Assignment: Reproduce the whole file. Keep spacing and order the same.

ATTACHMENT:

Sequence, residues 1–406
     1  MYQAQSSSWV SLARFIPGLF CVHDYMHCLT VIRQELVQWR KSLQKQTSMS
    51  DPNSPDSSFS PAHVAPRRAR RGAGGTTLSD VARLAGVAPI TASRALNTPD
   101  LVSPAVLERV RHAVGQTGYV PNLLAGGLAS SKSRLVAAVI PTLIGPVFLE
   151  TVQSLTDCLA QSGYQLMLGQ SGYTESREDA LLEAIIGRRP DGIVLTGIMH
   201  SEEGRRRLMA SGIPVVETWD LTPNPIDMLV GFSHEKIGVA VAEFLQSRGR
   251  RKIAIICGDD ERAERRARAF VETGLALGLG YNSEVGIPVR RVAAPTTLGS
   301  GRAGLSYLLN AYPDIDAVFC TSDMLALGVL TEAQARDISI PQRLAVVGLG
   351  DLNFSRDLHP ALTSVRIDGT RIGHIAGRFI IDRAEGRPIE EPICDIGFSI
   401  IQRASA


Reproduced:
Sequence, residues 1–406
     1  MYQAQSSSWV SLARFIPGLF CVHDYMHCLT VIRQELVQWR KSLQKQTSMS
    51  DPNSPDSSFS PAHVAPRRAR RGAGGTTLSD VARLAGVAPI TASRALNTPD
   101  LVSPAVLERV RHAVGQTGYV PNLLAGGLAS SKSRLVAAVI PTLIGPVFLE
   151  TVQSLTDCLA QSGYQLMLGQ SGYTESREDA LLEAIIGRRP DGIVLTGIMH
   201  SEEGRRRLMA SGIPVVETWD LTPNPIDMLV GFSHEKIGVA VAEFLQSRGR
   251  RKIAIICGDD ERAERRARAF VETGLALGLG YNSEVGIPVR RVAAPTTLGS
   301  GRAGLSYLLN AYPDIDAVFC TSDMLALGVL TEAQARDISI PQRLAVVGLG
   351  DLNFSRDLHP ALTSVRIDGT RIGHIAGRFI IDRAEGRPIE EPICDIGFSI
   401  IQRASA